It takes years to eventually make a government “legitimate” with its people. Our training does little (and that’s kind) to promote the social movement of the population towards the government. By not focusing early on this factor, we’ve done little to help our partners establish a government of, for and by the people. We are great at putting the pieces together, building a fledgling government. Our ability to see this strategic vision is tremendous. However, it’s a government with no foundation.

Finally, if the government is in active talks with the Taliban, isn’t it safe for locals to assume that Taliban influence is going to remain in their region? If family = survival. If family = Taliban. If the government is fighting the Taliban…what is our expected outcome?

Still waiting…

A Review of “Code Name: Johnny Walker”

code name Johnny walker
I just finished reading my advanced copy of “Code Name: Johnny Walker.” Before I write more, I’d like to include two caveats. 1. I know Johnny Walker personally. This fact is important because, I have firsthand knowledge of many of the events. Also during my decade long friendship with Johnny, I have heard many of his tails from him or other friends of his. 2. I served for years in Iraq. This exposure to Iraq’s conflict zone warps my perception. I will try to write from an outsider’s point of view, but I am confident, I am going to fail at that. Since I am not sure how to be unbiased, I am not going to worry about it.
The book, “Code Name: Johnny Walker” for me is an essential book for anyone that desires to better understand Iraq. “Hurt Locker” was fiction…this book is real. You as the reader will have no option but to be gripped by Johnny’s tales. The book has so much weight; I was reluctant to flash it in a few hours. Yet, I read it in two short readings.
Jim DeFelice’s work deserves more attention in my review. He will not receive enough credit for what he has done. If you know Jim’s work, you already know his gift as an author is a gift to us all. If you know Johnny, you’ll be amazed at Jim’s work in helping write a coherent story out of the mosaic that is Johnny’s life; while not overwriting. It is an incredible skill to co-author a story with a native English speaking partner. I cannot imagine the challenges Jim worked through to help Johnny write such an incredible book. I should spend more time on Jim’s work. I’ll ask that you, dear reader, will appreciate that I’ll simply say, “Thank you Jim.”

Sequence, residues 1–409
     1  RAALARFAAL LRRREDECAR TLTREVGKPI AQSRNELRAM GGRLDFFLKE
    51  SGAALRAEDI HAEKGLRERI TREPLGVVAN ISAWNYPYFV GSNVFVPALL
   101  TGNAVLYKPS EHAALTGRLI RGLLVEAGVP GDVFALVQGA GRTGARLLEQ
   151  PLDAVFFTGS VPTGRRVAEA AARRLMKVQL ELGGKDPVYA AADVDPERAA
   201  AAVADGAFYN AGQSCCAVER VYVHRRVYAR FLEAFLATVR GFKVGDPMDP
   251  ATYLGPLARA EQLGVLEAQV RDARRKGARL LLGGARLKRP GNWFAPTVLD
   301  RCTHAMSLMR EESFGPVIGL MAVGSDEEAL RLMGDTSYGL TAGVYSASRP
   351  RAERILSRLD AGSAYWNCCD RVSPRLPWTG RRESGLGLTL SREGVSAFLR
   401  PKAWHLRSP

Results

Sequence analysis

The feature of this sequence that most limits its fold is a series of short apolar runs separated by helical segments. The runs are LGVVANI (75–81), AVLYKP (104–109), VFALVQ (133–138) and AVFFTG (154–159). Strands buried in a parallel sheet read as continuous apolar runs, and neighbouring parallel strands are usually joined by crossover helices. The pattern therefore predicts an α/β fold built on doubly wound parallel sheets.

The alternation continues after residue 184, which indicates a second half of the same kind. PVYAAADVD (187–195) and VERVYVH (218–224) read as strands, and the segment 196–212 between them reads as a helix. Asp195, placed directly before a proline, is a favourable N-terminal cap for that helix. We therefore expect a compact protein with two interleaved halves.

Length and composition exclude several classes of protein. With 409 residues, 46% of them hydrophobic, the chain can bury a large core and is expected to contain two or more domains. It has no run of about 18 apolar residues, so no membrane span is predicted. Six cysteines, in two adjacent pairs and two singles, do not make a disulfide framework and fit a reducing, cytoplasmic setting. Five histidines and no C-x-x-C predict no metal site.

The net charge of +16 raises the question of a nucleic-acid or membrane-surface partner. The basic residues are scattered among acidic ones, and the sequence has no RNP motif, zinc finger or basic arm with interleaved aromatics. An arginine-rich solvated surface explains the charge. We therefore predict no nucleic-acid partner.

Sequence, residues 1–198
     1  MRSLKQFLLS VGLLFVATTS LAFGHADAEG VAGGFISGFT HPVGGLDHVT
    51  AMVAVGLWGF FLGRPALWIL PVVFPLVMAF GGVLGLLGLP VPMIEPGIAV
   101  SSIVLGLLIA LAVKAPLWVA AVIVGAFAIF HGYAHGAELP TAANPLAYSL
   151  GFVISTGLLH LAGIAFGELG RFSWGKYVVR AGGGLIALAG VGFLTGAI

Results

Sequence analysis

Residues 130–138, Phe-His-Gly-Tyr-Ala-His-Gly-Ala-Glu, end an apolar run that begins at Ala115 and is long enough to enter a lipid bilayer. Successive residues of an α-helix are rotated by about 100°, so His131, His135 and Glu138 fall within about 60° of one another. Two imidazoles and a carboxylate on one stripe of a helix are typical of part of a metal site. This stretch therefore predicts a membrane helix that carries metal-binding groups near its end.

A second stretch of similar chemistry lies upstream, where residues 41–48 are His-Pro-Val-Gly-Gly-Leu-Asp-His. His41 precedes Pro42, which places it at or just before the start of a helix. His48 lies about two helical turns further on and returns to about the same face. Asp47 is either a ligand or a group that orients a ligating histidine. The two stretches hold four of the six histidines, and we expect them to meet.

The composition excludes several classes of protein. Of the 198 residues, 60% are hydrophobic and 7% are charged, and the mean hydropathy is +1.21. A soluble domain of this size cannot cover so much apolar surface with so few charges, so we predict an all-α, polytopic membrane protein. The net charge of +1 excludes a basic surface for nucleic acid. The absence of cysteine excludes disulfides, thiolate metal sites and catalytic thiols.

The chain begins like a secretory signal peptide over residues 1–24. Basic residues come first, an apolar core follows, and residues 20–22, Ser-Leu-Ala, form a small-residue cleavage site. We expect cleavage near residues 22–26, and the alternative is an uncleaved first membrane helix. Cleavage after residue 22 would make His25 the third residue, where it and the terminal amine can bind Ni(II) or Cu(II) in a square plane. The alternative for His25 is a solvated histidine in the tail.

Johnny’s story is of a native and proud Iraqi man. How he grew up, how he learned, loved and survived. His reflections are something we rarely if ever get to see. Immediately after reading it, I wanted to go back through, chapter by chapter and re-read the entire book. I want to sit down with my friend and have 1000 conversations with him about everything.
In one book, he lets the reader better understand pre-war Iraq and its challenges. He has illustrated what we put our “partners” through and what they experience when we go abroad, “to help.” He provides insights into what was, yet wasn’t, sectarian violence in Iraq. He captures what is like for US service members who go “outside the wire.” He tells his love story in such a way that I constantly felt his family’s touch and pain. He reveals the side of Iraq’s recent history that no US news network was able/willing to reveal. In all honestly, Johnny’s story is too graphic to be told on the news. This story needs time and distance and the safety of paper to be digestible. To highlight this, take a look at the pictures they include in the book. This book is so dangerous, he’s the only person who’s not redacted. Incredible.
I have worked in Iraq for years. I’ve been on 100’s of missions. I’ve spoken with 1000’s of Iraqis. Like Johnny, I’ve been in places where I was out 2 and 3 times in one day. He has served in Iraq more than anyone else I know. Our experience allows me to say that he has captured more comprehensively than anyone else the total picture of modern war.
One aspect that I think is well illustrated is the total confusion of doing this type of work. He notes the guess work, the innuendo, the unknowable and the mistakes. Combat is not a linear thing. The more we apply Western methods and analysis the more we confuse things. Johnny gets this, he knows and it’s a giant part of what he went through. I cannot express how valuable he was to US service members. How many lives he’s saved?
His savagery, will likely net him some negative criticism. To these critics I say, “Walk in his shoes.” We have the luxury of stability and safety. None of us has been hunted, or had to hunt other humans. His tale is real. It’s unbelievable. His sacrifice his family’s costs are unbearable. Yet, here he is, writing what will surely be the best book I’ll read in 2014. There is another book in Johnny, and I can’t wait to be a part of it.

Rule of Law, The Afghan Springer Show

First, apologies for dropping off the blog for the past 2 months. I went on vacation and it’s taken a minute to get going again. Rest assured, there are plenty of things to discuss.

Rule of Law is one of the key aspects to “fixing” Afghanistan. When the Taliban dominated the country, they controlled the “courts.” As Taliban influence waned, the US and partner nations have sought to create a more traditional court system. I can’t speak intelligently on why “WE” decided to create a more western form of law in Afghanistan, but I can say, it’s not the correct approach.

I work in a remote district. It’s over an hour to the main provincial (think state) government center. The difference between the two places is about as extreme as possible. The villages, even the district center (think country govt) lack ANY essential services. There are no plumbing systems, no electricity, no garbage service…nothing. Yet, the people here survive; and dare I say? Thrive.

Like most farming folks, the people here like to be left alone. The people appreciate the Govt–Government of the Islamic Republic of Afghanistan aka “GIRoA”–but they only want so much help. Rule of Law doesn’t fit into their needs.

So, how do rural locals settle disputes?

I just recently worked with a local governor as he negotiated the resolution of a 25 year dispute. Dispute doesn’t really describe what happened…feud is more appropriate. Each side had multiple murders, one family had 1300 fig trees destroyed. Decades of money in dispute. The feud was complicated enough that the Taliban failed to resolve the issue in nearly seven years of negotiations. Negotiations require buy-in from many parties…I could go on about this, but I doubt I can make it any clearer…